“I’m a caregiver, and I go pick things up.”
“I can barely walk – I’m in pain.”
“I didn’t know.”

These were only some of the excuses Department of Motor Vehicles investigators heard in November when they set up a sting operation in Sacramento to catch drivers abusing the disabled person parking placards.

During that sting operation, more than 10 percent of the drivers whose disabled person parking placards or license plates were reviewed received misdemeanor citations. Citations require offenders to show up in court; fines range from $250 to $1,000.

The November sting operation is part of the DMV’s stepped-up efforts to crack down on placard abuse. An April audit of the agency’s practices found that the benefits of the program “create a significant incentive for misuse.”

Placards allow parking in metered spaces without payment, as well as parking in time-limited spaces for an unlimited amount of time. The audit found that the DMV wasn’t doing nearly enough to combat abuses throughout the system.

The DMV may have approved more than 1 million applications for placards from 2013 to 2016 “without sufficient information to demonstrate that the applicant was qualified,” the audit found, based on a representative sample of approved applications.

When it came to combating the most common type of fraud – in which a driver uses someone else’s valid placard – the audit concluded the DMV’s efforts were inadequate.

“[By] not establishing reasonable goals to conduct regular sting operations, DMV fails to detect and deter as much of the continued placard misuse as it can,” auditors reported.

Catching illegal parking

Investigators chose a crowded Walmart parking lot in Sacramento to track down parking-placard abusers. Near one entrance to the superstore, there were 12 parking spots reserved for people with disabilities, providing ample opportunities to review drivers’ placards.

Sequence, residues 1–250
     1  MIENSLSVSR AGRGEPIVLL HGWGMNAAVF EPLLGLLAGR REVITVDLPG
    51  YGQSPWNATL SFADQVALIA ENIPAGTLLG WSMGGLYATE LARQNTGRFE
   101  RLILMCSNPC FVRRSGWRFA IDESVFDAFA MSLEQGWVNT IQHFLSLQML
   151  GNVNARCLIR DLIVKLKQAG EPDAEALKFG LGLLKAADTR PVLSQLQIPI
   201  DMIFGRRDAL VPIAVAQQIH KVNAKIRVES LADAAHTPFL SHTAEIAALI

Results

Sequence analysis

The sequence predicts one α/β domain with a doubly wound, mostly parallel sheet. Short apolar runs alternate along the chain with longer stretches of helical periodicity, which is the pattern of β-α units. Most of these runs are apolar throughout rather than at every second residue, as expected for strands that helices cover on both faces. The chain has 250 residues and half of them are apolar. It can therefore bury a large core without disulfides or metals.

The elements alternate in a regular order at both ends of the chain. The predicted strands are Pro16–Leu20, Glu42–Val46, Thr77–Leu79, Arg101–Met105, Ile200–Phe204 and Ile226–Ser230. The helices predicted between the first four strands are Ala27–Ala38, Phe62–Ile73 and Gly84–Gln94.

Placards are portable for a reason, so they can be moved from car to car, depending on which vehicle the person with a disability is a driving. The person with the placard doesn’t have to be the driver – they just have to be in the car when the placard is being used for reserved parking.

When investigators approach, they ask the driver who the placard is assigned to, and then they request the placard and the associated driver’s license. The DMV’s system will tell investigators whether the information on these cards is a match.

Dorothy, one of the drivers who received a citation, was using a placard belonging to her brother. It’s a misdemeanor citation for her; if investigators discover her brother knowingly gave the placard to her to use, it will mean a misdemeanor write-up for him, as well.

“This is going to make life a little bit harder,” Dorothy said, adding that she doesn’t know where she’s going to get the money for the fine. She had a cane with her and said she had mobility issues, though she admitted she hadn’t asked a doctor to sign off on an application for a permit for herself.

“I certainly will after this,” she said. “This is the last thing I need.”

Two of the drivers whose placards were reviewed by investigators were found to have suspended or revoked licenses. These drivers had to wait for a licensed driver to come retrieve their cars. And another driver, who parked in a disabled-parking spot without a placard, was found to have outstanding warrants for petty theft and driving under the influence. He was booked into jail.

“Doing enforcement on the placard side, you see other things,” DMV investigator Dan Cawley said.

Still another driver had outdated registration and insurance. That proved to be the least of his troubles, though – his placard belonged to a person who had died six months earlier. It’s not an isolated issue; the audit revealed that tens of thousands of placards in circulation are assigned to people who are likely dead.

This driver’s excuse? “A friend gave it to me,” he said.

While he wasn’t happy to see the investigators, the people with legitimate placards were more than willing to go through the process of having their IDs checked.

“It gets abused all the time,” one man said. “My wife and myself are handicapped. If there’s no place to park, it means we can’t shop there.”

It’s these people the investigators are trying to help through the crackdown on fraudulent placard use. Since July, DMV investigators statewide have issued a total of more than 1,000 citations in 97 sting operations.